Dr. King's Legacy Deserves Better
In 1988, two years after Martin Luther King Day was first observed as a national holiday, I was working late into the evening with then Pennsylvania Secretary of Labor and Industry, Harris Wofford. Harris had been a close friend and colleague of Dr. King during the civil rights movement. He and I began discussing the irony of the holiday. Despite Dr. King’s legacy as a champion of action and social justice, in the two years since the national holiday began, the celebration of his life was turning into just another day off for millions of Americans. Harris thought that Dr. King would have been “appalled” had he known that young people were using his holiday to sleep late, go to the mall, and watch television, rather than engaging in efforts that better reflected his legacy. Harris and I envisioned a different kind of holiday, one more fitting of a person dedicated to social change. We imagined diverse groups of people throughout the nation celebrating Dr. King’s legacy by serving others. This service would bring together people of all ages and backgrounds to identify pressing community challenges, turn concerns into citizen action, and build partnerships that would act as a springboard to sustainable civic engagement.
By 1994, Harris was a U.S. Senator from Pennsylvania, and I was his state office Chief of Staff. While six years had passed since our 1988 late night conversation, we would often ruminate that the Martin Luther King holiday needed to include honoring Dr. King in other ways fitting of his legacy. Then, Harris, along with legendry Atlanta Congressman John Lewis, championed this call to citizen action by co-authoring the King Holiday and Service Act. President Clinton signed this legislation into law later that year, creating the national Martin Luther King Day of Service.
In 1996, I organized the first King Day of Service in the nation in Philadelphia. That first year, just days after the city had been paralyzed by the largest snowfall in its history, over one thousand volunteers showed up for the King Day of Service. Philadelphia public school students and AmeriCorps national service members made up the majority of contributors that day. Now, twenty-three years and 1.6 million volunteers later, the Greater Philadelphia King Day of Service is the largest King Day event in the nation and part of a nationwide day of civic action.
This year is the fiftieth anniversary of Dr. King’s assassination. In honor of his living legacy, some 150,000 volunteers are serving tomorrow in more than 1,800 King Day of Service projects throughout Pennsylvania, New Jersey, and Delaware. Our overarching theme is the fiftieth anniversary of Dr. King’s Poor Peoples campaign. Focusing on food justice and access, Pennsylvania Governor Tom Wolf, US Sen. Bob Casey, and Philadelphia Mayor Jim Kenney will lead volunteers sorting and packing food. This food will be distributed to people in-need through hundreds of Philadelphia-area non-profit organizations. Volunteers will also construct grow light stands for cultivating seedlings, building vegetable pallet gardens, and creating compost bins, which will be used mostly by Philadelphia public school students.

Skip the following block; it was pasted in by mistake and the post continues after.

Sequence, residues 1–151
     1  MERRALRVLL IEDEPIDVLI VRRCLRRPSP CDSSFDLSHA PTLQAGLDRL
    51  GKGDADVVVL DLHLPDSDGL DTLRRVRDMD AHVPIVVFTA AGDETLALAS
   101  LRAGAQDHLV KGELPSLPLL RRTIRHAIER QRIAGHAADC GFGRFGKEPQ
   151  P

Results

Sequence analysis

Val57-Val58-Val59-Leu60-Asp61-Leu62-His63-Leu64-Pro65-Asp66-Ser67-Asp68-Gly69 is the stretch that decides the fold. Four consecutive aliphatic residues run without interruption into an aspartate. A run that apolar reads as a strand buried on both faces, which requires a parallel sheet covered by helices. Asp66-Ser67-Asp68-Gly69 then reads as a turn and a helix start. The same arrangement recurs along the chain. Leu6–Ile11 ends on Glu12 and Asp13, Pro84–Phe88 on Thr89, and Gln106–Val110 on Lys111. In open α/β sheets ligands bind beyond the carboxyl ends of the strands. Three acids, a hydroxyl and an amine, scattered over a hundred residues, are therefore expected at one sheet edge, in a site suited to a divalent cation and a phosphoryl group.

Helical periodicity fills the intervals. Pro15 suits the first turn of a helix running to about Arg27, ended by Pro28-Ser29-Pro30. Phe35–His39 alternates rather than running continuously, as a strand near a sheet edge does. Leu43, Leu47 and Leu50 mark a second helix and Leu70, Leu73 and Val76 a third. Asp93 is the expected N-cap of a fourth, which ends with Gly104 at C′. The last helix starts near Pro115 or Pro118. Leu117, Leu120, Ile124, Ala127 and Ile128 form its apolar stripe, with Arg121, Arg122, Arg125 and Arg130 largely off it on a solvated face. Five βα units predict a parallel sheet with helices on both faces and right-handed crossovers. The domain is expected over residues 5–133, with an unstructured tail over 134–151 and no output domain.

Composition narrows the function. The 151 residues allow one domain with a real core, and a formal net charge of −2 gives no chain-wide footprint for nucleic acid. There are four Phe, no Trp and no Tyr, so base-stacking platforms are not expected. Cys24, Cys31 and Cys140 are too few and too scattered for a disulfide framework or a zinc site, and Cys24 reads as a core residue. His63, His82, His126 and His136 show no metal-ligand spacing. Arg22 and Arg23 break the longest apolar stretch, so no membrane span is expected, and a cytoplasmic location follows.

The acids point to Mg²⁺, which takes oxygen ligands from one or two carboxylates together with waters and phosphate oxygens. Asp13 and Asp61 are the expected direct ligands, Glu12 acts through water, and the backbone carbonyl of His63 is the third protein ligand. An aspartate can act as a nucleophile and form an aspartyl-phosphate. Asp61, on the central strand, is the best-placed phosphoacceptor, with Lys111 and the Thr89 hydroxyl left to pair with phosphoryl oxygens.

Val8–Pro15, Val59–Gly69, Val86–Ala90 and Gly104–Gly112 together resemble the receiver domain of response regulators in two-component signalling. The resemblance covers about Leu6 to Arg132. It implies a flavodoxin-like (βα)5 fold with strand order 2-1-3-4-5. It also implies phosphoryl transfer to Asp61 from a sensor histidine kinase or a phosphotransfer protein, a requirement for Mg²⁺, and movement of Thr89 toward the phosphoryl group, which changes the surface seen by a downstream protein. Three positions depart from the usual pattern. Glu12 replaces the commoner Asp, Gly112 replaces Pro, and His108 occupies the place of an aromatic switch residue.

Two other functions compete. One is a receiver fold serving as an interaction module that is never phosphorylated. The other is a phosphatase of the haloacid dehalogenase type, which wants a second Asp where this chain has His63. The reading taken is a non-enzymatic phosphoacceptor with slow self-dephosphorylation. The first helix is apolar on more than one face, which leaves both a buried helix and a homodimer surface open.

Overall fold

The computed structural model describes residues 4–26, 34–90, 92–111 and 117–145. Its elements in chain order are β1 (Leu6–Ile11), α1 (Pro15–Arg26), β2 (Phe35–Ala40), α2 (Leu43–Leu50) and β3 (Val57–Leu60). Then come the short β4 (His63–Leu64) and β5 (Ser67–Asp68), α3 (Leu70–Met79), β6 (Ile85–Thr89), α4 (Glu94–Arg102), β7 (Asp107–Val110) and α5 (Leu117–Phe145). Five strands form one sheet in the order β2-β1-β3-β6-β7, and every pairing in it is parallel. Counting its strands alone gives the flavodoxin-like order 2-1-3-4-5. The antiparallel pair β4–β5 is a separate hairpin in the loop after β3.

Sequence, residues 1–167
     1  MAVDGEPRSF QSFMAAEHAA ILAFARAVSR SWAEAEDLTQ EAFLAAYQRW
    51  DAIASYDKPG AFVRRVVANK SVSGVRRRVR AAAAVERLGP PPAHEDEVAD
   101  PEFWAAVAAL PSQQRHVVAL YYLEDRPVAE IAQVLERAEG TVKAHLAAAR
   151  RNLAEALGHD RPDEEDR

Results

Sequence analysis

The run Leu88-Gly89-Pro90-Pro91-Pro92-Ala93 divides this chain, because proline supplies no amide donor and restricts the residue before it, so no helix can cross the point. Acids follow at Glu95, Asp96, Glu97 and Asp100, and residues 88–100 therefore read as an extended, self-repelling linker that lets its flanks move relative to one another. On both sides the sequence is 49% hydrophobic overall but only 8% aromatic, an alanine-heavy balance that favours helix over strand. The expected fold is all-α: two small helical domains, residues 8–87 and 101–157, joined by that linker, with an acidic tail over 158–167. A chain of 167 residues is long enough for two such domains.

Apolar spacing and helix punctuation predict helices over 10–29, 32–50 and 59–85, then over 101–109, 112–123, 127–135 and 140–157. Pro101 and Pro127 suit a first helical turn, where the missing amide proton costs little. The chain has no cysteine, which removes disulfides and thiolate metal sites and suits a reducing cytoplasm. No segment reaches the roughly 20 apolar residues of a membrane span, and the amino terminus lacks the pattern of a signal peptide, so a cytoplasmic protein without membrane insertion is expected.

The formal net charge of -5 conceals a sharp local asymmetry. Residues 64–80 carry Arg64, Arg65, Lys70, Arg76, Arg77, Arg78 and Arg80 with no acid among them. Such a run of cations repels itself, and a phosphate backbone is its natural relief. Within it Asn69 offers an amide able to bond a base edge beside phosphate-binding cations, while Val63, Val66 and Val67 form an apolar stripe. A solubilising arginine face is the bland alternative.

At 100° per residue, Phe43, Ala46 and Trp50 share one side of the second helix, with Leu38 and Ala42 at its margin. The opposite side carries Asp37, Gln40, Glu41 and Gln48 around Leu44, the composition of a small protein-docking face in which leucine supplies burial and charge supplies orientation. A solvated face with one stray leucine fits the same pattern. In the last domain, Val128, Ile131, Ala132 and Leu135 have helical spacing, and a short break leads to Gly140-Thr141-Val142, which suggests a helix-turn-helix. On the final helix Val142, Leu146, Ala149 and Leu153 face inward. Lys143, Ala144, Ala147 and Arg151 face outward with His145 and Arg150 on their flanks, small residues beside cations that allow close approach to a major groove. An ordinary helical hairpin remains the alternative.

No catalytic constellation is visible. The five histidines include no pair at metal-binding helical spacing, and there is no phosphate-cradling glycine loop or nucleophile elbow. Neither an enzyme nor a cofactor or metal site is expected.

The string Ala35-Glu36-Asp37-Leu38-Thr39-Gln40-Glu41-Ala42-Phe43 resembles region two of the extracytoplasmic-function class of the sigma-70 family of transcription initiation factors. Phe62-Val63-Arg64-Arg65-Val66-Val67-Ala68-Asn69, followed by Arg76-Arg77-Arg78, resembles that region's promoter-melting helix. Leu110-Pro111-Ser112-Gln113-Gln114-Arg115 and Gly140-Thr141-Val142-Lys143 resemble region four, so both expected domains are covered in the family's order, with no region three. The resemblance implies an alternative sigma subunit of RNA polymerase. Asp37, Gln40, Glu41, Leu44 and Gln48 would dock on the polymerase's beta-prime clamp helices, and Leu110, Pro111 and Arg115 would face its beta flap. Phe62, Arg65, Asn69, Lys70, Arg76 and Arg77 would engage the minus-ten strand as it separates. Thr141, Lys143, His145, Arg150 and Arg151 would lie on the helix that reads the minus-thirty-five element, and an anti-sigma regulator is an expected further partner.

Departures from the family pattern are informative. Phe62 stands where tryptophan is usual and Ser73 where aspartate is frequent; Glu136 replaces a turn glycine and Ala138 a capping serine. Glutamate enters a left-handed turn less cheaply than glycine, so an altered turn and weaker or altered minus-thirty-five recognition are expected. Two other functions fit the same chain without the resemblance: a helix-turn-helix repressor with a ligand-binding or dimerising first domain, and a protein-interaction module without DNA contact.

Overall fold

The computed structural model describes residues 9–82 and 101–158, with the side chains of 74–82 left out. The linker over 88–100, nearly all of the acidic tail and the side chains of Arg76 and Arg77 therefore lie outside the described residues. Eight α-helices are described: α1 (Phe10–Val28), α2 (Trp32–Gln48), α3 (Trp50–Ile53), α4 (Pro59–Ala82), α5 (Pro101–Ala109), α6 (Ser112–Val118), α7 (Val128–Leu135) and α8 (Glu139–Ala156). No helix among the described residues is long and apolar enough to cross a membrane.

What started in Philadelphia as a project has become a national movement, with projects taking root in hundreds of cities, large and small, across the nation.
Dr. King said, “If a man doesn't have a job or an income, he has neither life nor liberty nor the possibility for the pursuit of happiness. He merely exists.” With his commitment to economic justice in mind, we are also hosting our 7th annual Jobs and Opportunity Fair, with five hundred prospective employees choosing among thirty local employers that offer real jobs. We are committed to empowering individuals with opportunities to make valuable contributions to society.
Since Dr. King was committed to social change 365 days of the year, our King Day of Service has evolved into a year-round program to promote and support sustainable civic engagement. We provide ongoing volunteer opportunities, support community partnership-building, make available a service learning curriculum for students, and organize quarterly discussions on race relations. All of this work is done with the mission of building a sense of community and demonstrating how much more we have in common than divides us.
If Dr. King were alive today, he would no doubt be working for greater economic opportunity and social change. In Philadelphia, and across the nation, millions of Americans from all backgrounds and ages are celebrating his legacy by serving in thousands of different ways that honor him, embracing his legacy, and bringing his memory to life. I would also argue these are acts of patriotism, particularly at a time as tense as this one.
Never in my memory have we been as divided as a nation. On this day, the legacy of Dr. King could bring us together with a collective purpose of healing some of these divisions. We can build common ground through making a difference in communities across the nation.
Todd Bernstein is the founder and president of Global Citizen, an organization committed to encouraging volunteering and sustainable civic engagement. If you'd like to reach him, please email email@example.com